I mentioned a book called “The Believing Gene” that I read a few years ago. It basically argues that some people are more likely to be religious than others and if you are born without this predisposition then it is unlikely that you’ll be the next Pope. That wasn’t the end of it. Nope. He asked again. Now, I normally tell the anecdote of being a tree in a Sunday School nativity play as the moment I feel from Grace. The teacher let her own son, who was – and I assume still is – deaf play Joseph. I felt that I would do a much better job because I wasn’t deaf. The anecdote focuses on me being a git and how even Sunday School suffers from nepotism. Depending on who I am talking to I can make this anecdote mean or silly. I kept it clean. I said that “because I was cast as a tree and not Joseph it showed me the fundamental man made nature of religion.” It is a bit of a jokey story I use to stop the conversation.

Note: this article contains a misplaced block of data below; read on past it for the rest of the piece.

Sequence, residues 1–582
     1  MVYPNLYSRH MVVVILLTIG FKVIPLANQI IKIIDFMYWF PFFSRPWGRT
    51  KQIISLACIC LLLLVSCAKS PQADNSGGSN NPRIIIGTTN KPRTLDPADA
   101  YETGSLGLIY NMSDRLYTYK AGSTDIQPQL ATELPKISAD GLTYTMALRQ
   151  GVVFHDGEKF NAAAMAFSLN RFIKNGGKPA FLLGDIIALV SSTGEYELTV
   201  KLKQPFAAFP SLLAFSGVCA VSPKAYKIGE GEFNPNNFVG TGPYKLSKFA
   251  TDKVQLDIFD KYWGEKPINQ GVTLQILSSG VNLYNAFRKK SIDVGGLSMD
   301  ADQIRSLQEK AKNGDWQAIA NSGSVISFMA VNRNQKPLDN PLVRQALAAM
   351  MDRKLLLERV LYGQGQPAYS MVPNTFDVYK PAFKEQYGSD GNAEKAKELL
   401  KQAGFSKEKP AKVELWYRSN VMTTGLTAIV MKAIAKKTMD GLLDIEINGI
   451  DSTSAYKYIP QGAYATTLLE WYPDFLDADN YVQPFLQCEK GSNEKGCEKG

This is where the young lady started to get upset. I didn’t spot this because I don’t spot this things. My wife does notice these things stepped in and calmed her. She was upset because she couldn’t conceptualise how I was saying religion was mad made when in her mind it is “god made”. Her inability to see that the world may not be God made echoed my own about it being created by some man who wrote a bunch of guidelines to Bronze Age men that somehow still have relevance to a completely different world. You can argue human nature hasn’t changed that much since the Bronze Age, sure, but we don’t sell our children into slavery or worry about mixing seeds and the Bible contains no guidance whatsoever about sending an email at work and pressing “reply all” instead of “reply” resulting in the entire office knowing about your hangover and desperate need for a tea.